By Shreyashi Sanyal and Sruthi Shankar
(Reuters) -European stocks jumped on Friday, led by gains in energy and retail sectors after the Federal Reserve said there would be no imminent move to tighten monetary policy, easing fears of rising U.S. inflation that pushed the STOXX 600 index into negative territory for the week.
The pan-European STOXX 600 index rose 1.1%, with oil & gas and retail stocks leading the gains.
The benchmark still fell 0.5% for the week as a rally in commodity prices and signs of quickening U.S. inflation raised fears about an earlier-than-expected interest rate hike by the U.S. Federal Reserve.
However, sentiment improved on the U.S. Federal Reserve’s reassurances on monetary policy, as it also said it would not immediately reduce cash injections that have propped up financial markets.
While price rises are less of a problem in the euro zone, investors have taken cues from Wall Street for most of the week. Analysts, however, say Europe remains an attractive pick for global investors.
“We look at the valuation of markets and the valuations have favoured Europe for a number of years because it is more economically sensitive,” said Jeffrey Germain, investment group director at Brandes Investment Partners.
Sebastian Raedler, investment strategist at BofA Global Research wrote: “We see a further 5% upside for the STOXX 600, as well as 10% further outperformance for cyclicals versus defensives, value versus growth and financials, all of which benefit from both accelerating growth and rising bond yields.”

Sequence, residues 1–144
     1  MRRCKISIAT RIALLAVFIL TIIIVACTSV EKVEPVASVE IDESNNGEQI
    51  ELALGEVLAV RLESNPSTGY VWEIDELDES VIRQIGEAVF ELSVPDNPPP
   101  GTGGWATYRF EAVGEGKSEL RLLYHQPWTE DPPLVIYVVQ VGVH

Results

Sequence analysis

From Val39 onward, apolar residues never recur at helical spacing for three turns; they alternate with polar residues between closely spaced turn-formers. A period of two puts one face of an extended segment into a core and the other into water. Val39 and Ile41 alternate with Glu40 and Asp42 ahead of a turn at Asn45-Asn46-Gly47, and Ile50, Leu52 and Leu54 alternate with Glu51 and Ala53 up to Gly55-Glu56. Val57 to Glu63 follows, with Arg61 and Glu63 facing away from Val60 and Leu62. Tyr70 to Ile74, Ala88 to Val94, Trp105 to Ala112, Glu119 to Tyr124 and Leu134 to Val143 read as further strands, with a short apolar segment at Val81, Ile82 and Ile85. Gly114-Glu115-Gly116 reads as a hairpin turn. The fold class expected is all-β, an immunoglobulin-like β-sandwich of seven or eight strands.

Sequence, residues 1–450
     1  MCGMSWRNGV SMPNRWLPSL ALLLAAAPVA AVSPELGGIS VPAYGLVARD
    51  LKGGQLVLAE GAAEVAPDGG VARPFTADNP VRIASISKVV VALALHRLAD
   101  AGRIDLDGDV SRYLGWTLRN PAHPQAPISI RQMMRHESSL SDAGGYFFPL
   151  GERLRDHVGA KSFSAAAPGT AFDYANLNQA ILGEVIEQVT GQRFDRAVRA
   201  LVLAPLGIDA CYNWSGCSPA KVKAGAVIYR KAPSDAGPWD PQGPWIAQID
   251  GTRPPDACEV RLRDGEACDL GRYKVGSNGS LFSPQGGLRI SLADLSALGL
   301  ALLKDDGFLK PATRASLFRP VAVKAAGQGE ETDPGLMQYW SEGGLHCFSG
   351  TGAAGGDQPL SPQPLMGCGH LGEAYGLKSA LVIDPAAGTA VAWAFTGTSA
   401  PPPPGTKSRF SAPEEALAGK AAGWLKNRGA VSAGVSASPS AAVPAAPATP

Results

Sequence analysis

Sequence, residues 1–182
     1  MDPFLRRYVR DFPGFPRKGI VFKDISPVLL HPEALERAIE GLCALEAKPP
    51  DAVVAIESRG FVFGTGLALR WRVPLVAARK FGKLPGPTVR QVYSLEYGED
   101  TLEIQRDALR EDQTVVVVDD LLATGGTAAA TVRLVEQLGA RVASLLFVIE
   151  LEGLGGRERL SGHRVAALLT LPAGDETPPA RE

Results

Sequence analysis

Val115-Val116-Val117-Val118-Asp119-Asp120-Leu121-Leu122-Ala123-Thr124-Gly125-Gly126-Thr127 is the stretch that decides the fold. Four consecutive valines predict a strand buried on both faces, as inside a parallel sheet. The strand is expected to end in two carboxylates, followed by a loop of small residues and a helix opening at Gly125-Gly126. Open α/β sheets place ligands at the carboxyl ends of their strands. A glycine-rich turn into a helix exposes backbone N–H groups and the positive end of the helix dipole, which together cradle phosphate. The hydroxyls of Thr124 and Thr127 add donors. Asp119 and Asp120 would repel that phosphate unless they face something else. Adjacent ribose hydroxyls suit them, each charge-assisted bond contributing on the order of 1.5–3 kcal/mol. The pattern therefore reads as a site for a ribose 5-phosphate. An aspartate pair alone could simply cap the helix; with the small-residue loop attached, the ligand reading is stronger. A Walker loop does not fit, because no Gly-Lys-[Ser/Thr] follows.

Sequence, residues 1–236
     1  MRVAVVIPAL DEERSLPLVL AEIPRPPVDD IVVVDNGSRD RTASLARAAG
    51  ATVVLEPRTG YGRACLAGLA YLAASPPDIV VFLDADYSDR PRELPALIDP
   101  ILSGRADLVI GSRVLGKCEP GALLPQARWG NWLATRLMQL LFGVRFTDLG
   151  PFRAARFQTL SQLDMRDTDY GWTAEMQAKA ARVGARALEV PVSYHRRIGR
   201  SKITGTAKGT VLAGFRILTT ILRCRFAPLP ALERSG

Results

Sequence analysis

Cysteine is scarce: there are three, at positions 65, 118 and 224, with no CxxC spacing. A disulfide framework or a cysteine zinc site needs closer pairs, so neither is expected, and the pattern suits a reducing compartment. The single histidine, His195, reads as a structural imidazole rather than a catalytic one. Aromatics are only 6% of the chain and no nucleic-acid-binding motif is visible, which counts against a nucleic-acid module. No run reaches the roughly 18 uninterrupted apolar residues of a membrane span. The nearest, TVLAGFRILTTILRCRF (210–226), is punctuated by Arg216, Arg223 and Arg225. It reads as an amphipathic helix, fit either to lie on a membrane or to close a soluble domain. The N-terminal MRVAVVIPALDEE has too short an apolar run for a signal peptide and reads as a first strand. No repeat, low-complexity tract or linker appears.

Separately, Bank of America’s weekly fund flow statistics showed that investors pulled out of tech equity funds and loaded up on inflation protection in the week ended May 12.
Minutes from the European Central Bank’s latest policy meeting showed policymakers set the stage for a June 10 showdown over the future of their emergency bond purchases when they met in April, but stopped short of discussing their next move.
Among individual stocks, Italy’s Banco BPM rose 3% after Deutsche Bank upgraded the stock to “buy”, saying the lender’s “speculative appeal” could increase in the next few months.
French food group Danone slipped 0.3% after Goldman Sachs downgraded the stock to “sell”, saying weaker demographic trends, particularly in China, will weigh on its specialised nutrition business.
Atlantia slipped 0.2% after the Italian infrastructure group reported a net loss in the first quarter and confirmed it would decide on the sale of its stake in motorway unit Autostrade by June 11.
(Reporting by Sruthi Shankar and Shreyashi Sanyal in Bengaluru; Editing by Rashmi Aich, Sherry Jacob-Phillips and Barbara Lewis)